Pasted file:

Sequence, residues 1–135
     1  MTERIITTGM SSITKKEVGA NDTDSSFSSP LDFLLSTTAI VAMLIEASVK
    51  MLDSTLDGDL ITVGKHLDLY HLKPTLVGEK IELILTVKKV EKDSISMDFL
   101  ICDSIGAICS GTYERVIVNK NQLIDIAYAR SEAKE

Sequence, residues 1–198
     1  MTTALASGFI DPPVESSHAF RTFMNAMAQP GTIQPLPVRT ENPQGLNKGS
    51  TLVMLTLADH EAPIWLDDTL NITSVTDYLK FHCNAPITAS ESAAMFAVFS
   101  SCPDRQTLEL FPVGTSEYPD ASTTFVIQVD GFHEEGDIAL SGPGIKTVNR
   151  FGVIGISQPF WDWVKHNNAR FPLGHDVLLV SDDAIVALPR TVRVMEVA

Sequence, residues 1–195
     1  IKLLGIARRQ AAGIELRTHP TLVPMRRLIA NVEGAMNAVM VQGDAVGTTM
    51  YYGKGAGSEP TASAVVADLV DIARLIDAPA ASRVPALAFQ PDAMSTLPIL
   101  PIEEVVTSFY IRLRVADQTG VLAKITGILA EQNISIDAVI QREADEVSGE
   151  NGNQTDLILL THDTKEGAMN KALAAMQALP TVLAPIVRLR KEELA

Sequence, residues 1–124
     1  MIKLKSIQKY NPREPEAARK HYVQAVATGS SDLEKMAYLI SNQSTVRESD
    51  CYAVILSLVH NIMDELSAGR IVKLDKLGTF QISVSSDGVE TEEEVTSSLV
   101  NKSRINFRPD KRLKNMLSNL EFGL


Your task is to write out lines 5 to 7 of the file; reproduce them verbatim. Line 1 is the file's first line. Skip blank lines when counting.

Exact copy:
Sequence, residues 1–198
     1  MTTALASGFI DPPVESSHAF RTFMNAMAQP GTIQPLPVRT ENPQGLNKGS
    51  TLVMLTLADH EAPIWLDDTL NITSVTDYLK FHCNAPITAS ESAAMFAVFS